Looking Ahead: Potential Changes to New York Employment Law

With the proliferation of new employment laws in New York it can be challenging for employers and employees to stay on top of the changes, know what is required of them, and know their rights. While adjusting to comply with current laws, it’s also a good idea to keep one eye towards the future.

What’s New?

Sexual Harassment Protections — Last week, the New York State Division of Human Rights operated workplace sexual harassment hotline launched. The hotline, which was mandated by legislation (S.812B/A.2035B) signed into law this spring, is staffed by volunteer pro bono attorneys. The goal is to provide accessible free legal advice to employees who experience harassment in the workplace. Employers should update required sexual harassment training and notices to include the hotline information.

Salary TransparencySome localities have recently passed laws that require salary transparency in job postings – advertising a salary range.  Passed by both the Senate and Assembly this June, Senate Bill 9427A or Assembly Bill A10477 seeks to mandate salary transparency on the state level. The law has not yet been delivered to the Governor to sign. It requires New York employers, employment agencies, employees, or other “agents thereof” to disclose the compensation for a “job, promotion, or transfer opportunity” or a range with the maximum and minimum compensation for the position. It will also require employers to post the job description if one exists. The law passed by both chambers also includes language which bars employers from retaliating against applicants or current employees who seek to have employers comply with the posting requirements. Notably for employers, employers will be required to “keep and maintain necessary records to comply with the requirements of this section including, but not limited to, the history of compensation ranges for each job, promotion, or transfer opportunity and the job descriptions for such positions, if such descriptions exist.”

Non-Disclosure Agreements — Another bill on the horizon, passed by the Senate this March, “Prohibits settlement agreements in any claim involving sexual harassment or any other form of discrimination prohibited by law from containing any condition that requires the complainant to pay the defendant liquidated damages in the event that the plaintiff violates any nondisclosure agreement included in such settlement agreement.” Senate Bill S738, which has not passed the Assembly, if signed into law would take effect immediately and apply to all non-disclosure agreements moving forward. But what would that mean for employers and employees signing non-disclosure agreements?

The Bill, if passed by the assembly, further amends the General Obligations Law § 5-336 by adding that non-disclosure agreements based on claims of discrimination, harassment, or retaliation are not enforceable if:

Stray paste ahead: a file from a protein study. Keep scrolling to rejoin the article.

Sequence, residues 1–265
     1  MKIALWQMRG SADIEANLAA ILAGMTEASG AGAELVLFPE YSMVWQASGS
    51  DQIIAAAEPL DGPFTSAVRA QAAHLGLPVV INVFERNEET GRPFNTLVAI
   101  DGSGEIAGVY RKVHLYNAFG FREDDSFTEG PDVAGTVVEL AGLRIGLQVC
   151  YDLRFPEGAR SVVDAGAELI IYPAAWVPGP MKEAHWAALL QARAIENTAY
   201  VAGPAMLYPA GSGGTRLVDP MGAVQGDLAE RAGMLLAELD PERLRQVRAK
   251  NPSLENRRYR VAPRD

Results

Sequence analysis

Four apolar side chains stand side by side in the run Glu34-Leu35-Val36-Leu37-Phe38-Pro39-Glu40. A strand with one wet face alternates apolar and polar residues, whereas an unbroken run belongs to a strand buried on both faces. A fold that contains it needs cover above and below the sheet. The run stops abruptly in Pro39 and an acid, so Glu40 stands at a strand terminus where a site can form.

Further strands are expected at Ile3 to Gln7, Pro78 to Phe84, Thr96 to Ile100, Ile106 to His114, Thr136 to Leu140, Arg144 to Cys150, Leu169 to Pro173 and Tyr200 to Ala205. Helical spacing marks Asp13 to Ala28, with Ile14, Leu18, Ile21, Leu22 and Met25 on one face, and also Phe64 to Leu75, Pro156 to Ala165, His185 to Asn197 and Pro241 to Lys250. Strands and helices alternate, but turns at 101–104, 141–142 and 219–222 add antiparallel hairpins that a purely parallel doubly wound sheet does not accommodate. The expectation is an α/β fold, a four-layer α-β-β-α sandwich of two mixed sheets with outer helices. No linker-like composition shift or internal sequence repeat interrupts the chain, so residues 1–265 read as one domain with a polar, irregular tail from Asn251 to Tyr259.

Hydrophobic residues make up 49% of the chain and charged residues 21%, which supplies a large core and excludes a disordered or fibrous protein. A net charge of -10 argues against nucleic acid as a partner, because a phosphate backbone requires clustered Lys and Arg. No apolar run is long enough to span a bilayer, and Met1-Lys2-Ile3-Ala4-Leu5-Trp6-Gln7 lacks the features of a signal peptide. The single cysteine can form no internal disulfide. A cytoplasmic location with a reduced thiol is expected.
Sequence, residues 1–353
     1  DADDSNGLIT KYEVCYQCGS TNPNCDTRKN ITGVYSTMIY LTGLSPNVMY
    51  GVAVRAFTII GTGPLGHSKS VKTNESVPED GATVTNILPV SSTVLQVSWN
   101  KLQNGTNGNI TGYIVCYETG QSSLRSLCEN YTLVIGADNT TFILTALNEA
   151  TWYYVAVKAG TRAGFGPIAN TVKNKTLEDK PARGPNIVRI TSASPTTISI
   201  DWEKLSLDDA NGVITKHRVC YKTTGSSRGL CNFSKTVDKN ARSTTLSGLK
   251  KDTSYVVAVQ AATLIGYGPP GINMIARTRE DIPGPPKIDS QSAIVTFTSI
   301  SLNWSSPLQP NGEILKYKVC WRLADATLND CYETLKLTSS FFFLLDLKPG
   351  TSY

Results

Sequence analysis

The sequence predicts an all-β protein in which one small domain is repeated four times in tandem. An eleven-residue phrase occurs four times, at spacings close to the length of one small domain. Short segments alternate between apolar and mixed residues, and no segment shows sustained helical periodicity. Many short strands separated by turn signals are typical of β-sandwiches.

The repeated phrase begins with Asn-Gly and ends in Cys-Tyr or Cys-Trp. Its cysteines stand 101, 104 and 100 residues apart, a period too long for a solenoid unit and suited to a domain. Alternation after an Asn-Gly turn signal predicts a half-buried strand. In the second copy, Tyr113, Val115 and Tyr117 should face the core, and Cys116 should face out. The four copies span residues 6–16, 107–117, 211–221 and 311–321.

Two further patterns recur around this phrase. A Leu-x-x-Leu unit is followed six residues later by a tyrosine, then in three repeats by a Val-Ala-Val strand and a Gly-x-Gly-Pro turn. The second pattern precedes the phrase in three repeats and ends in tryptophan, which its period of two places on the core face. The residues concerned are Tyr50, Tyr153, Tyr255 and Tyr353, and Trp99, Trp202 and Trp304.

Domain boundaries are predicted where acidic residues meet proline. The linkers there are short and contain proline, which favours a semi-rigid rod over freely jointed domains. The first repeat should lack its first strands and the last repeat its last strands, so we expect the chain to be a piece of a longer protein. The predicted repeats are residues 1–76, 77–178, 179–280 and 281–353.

(a) the complainant is required to pay liquidated damages for violation of a nondisclosure clause or nondisparagement clause; (b) the complainant is required to forfeit all or part of the consideration for the agreement, for violation of a nondisclosure clause or nondisparagement clause; or (c) it contains or requires any affirmative statement, assertion, or disclaimer by the complainant that the complainant was not in fact subject to unlawful discrimination, including discriminatory harassment, or retaliation.

(Senate Bill S738). If the bill becomes law, it will also amend the part of § 5-336 that voids any agreement to not disclose information related to future complaints unless the employer provides notice that they complainant is not barred from employers to notify employees that in the case disclosing relevant information to law enforcement, the EEOC, and the State Division of Human Rights.  It does so in two notable ways that employers should take note of if the Bill is signed into law. First, Independent contractors would be included in the list of those that employers must notify. Second, it adds the Attorney General to the list of entities that employers must notify complainants of their rights to disclose relevant information.

The goal of the bill is to “protect survivors from facing financial sanction for sharing their experiences of harassment and discrimination.” Per Section 2 of S738 the law would not apply retroactively to non-disclosure agreements signed prior to the law taking effect.

Protections for Freelance WorkersSenate Bill S8369B or Assembly Bill A9368A have passed both chambers and are waiting to be signed into law. The law seeks to “replicate the labor rights of NYC’s Freelance Isn’t Free Law in state Labor Law” which “created basic labor protections for freelance workers such as the right to a written contract, timely and full payment, and protection from Retaliation.” The law stipulates what a written contract must include and timeline for payment on or before the date such compensation is due under the terms of the contract; or if the contract does not specify when the hiring party must pay the contracted compensation or the mechanism by which such date will be determined, no later than thirty days after the completion of the freelance worker’s services under the contract.

Independent contractors who file complaints with the state and bring civil action against the violating party are entitled to damages worth the contract value plus additional remedies depending on the violation. For example, failure to provide timely payment may result in double damages, injunctive relief, etc.

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